Construction Workers Lead the Charge in EV Infrastructure Boom

Story by Gemma Beasley / November 1, 2023

Electric vehicles (EVs) are having a moment. With commitments from automakers and government incentives for consumers, EV purchases are dramatically increasing across the United States. Major auto manufacturers plan to invest billions to build new battery plants and transition to electric fleets over the next decade.

This acceleration in EV adoption requires a massive, parallel expansion of charging infrastructure to support these new electric fleets. Charging stations will need to be installed everywhere from homes, to office buildings, retail locations, and along highways – an infrastructural shift akin to expanding gas stations to fuel internal combustion engine adoption in the early 20th century.

Billions Invested in New Southeast EV Production Facilities

Several high profile EV and battery plant projects have recently been announced across the Southeastern United States:

● Ford and SK Innovation are building a $5.8 billion battery complex to power 1 million EVs annually. This will require vast charging infrastructure.

● Hyundai announced a $5.5 billion EV and battery plant in Georgia, demanding expanded charging capabilities.

● VinFast chose North Carolina for its $4 billion EV manufacturing facility which will depend on regional charging stations.

Scaling Up the Construction Workforce to Meet Demand

Constructing this EV infrastructure will require a monumental workforce expansion. Conservative projections estimate at least 7 million new EV jobs will be needed in the US by 2030. But who will build this new infrastructure?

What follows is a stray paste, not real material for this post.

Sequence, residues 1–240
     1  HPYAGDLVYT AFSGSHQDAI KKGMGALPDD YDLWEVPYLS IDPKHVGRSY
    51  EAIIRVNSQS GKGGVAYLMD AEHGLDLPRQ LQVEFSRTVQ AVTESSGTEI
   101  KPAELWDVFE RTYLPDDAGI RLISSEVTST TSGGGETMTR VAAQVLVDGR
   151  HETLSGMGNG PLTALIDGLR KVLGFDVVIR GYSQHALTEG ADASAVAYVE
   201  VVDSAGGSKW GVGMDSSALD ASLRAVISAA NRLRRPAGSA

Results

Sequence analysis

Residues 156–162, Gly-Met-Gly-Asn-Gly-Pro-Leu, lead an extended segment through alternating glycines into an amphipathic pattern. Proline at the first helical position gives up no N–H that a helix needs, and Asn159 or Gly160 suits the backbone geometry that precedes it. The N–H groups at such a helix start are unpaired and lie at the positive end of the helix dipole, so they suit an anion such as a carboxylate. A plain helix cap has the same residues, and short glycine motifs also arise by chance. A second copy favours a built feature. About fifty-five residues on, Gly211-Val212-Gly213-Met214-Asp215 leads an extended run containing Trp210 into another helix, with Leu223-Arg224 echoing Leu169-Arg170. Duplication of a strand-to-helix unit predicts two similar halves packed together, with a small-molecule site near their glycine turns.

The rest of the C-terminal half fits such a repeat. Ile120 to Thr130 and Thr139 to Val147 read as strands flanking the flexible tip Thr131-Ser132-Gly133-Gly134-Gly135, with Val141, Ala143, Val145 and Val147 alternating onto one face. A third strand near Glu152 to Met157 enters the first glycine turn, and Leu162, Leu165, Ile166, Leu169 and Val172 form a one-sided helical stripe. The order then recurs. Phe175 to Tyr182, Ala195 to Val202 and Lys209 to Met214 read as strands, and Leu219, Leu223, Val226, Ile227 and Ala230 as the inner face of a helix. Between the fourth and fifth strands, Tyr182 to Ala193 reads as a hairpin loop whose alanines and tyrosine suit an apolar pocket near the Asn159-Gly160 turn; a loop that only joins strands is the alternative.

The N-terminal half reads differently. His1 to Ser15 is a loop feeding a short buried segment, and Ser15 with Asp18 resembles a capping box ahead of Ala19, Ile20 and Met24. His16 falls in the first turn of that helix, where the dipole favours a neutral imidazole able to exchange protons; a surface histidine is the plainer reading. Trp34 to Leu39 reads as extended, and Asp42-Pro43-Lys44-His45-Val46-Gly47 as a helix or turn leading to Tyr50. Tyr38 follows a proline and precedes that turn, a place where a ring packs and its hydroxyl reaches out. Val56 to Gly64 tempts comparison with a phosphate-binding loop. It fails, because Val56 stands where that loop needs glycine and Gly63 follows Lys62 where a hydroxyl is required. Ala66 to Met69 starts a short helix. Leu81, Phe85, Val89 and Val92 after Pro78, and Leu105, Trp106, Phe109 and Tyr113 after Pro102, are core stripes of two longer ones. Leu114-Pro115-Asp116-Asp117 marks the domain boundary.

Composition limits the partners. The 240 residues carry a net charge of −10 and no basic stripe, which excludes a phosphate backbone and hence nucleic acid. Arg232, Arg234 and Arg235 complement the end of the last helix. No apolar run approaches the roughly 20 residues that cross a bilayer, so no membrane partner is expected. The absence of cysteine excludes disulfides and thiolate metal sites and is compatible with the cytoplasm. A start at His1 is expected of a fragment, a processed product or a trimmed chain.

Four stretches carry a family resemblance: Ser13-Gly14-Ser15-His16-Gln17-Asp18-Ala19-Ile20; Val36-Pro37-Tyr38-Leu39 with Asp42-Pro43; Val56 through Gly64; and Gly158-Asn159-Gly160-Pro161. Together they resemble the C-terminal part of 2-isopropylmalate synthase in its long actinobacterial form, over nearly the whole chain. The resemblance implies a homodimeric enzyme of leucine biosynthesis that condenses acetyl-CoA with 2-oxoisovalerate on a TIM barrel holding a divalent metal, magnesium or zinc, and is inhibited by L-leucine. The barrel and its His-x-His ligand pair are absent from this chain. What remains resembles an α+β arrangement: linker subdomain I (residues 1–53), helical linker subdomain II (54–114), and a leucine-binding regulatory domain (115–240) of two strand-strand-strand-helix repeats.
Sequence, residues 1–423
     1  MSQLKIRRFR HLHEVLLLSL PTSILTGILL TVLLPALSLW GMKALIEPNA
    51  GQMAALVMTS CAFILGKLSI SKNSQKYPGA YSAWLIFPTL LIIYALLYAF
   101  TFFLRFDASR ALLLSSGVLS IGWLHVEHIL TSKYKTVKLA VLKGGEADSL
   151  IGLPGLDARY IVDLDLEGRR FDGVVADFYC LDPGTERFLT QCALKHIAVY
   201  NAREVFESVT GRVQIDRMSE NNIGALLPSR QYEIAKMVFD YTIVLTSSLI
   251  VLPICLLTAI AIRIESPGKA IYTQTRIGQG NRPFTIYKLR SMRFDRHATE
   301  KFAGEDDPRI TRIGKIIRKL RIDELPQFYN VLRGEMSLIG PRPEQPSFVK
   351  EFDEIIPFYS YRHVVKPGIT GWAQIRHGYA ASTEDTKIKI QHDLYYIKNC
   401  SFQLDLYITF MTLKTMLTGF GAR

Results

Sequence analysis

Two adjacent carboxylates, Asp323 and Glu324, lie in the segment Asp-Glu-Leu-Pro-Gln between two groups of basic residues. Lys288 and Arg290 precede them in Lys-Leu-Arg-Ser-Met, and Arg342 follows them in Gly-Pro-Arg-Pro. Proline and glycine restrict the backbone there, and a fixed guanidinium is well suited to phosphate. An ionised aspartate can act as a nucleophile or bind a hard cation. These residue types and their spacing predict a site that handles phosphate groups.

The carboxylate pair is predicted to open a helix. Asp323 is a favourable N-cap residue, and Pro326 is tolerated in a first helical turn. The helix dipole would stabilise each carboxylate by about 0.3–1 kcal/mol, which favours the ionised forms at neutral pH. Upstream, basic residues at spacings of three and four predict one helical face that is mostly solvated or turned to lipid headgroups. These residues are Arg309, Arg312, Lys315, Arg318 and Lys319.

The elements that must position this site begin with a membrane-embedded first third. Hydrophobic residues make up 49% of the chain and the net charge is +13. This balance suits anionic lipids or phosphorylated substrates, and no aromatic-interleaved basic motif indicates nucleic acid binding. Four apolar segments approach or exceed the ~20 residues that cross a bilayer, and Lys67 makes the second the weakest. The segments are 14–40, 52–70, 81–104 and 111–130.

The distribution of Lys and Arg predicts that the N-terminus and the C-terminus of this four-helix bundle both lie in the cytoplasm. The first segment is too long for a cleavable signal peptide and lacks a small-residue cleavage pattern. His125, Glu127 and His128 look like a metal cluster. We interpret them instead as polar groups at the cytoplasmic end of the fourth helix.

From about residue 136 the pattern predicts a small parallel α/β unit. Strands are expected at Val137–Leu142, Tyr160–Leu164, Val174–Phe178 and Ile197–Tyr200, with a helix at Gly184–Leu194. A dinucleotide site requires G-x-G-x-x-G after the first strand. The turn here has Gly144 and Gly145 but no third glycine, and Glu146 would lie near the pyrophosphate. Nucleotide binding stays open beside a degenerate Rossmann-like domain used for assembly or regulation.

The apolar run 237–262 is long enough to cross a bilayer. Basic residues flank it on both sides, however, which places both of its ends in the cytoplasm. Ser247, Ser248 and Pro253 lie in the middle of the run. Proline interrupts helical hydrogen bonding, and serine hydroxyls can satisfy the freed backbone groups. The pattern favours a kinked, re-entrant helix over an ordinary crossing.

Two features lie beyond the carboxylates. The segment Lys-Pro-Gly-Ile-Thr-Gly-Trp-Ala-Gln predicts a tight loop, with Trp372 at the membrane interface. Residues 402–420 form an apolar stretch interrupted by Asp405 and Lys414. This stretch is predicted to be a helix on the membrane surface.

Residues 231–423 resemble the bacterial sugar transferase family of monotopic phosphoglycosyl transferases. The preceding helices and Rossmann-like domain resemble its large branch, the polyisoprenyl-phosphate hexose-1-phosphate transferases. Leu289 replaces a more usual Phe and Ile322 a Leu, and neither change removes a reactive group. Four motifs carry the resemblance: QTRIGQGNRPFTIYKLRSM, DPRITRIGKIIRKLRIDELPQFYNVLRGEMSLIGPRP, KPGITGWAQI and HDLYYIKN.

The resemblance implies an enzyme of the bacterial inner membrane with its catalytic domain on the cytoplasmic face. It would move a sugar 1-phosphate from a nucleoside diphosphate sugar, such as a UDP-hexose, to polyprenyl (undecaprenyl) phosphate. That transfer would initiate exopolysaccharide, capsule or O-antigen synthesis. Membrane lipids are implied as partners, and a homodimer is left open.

Successfully powering up the pipeline of qualified EV construction technicians requires collaboration between industry, trade schools and training providers. Curriculums must align precisely with the skills employers need – from electrical systems to site planning and installation. These programs should combine classroom learning with on-site training.

States can offer funding and incentives for employers who engage with training initiatives. Schools need to rapidly expand program capacity using industry partnerships, short-term bootcamps, and accessible online learning options.

Effective outreach to veterans, women, and minority groups is also critical to meet demand. The future of the region’s EV infrastructure hinges on the action we take now to build a robust construction workforce.

Energizing New Careers

The time is right for employers, educators, recruiters and leaders to work together to plug the talent that will power this EV infrastructure boom.

As specialist construction recruiters, we identify skilled candidates from adjacent industries to pivot into these crucial roles. Let’s grow the workforce who are building a more sustainable future.


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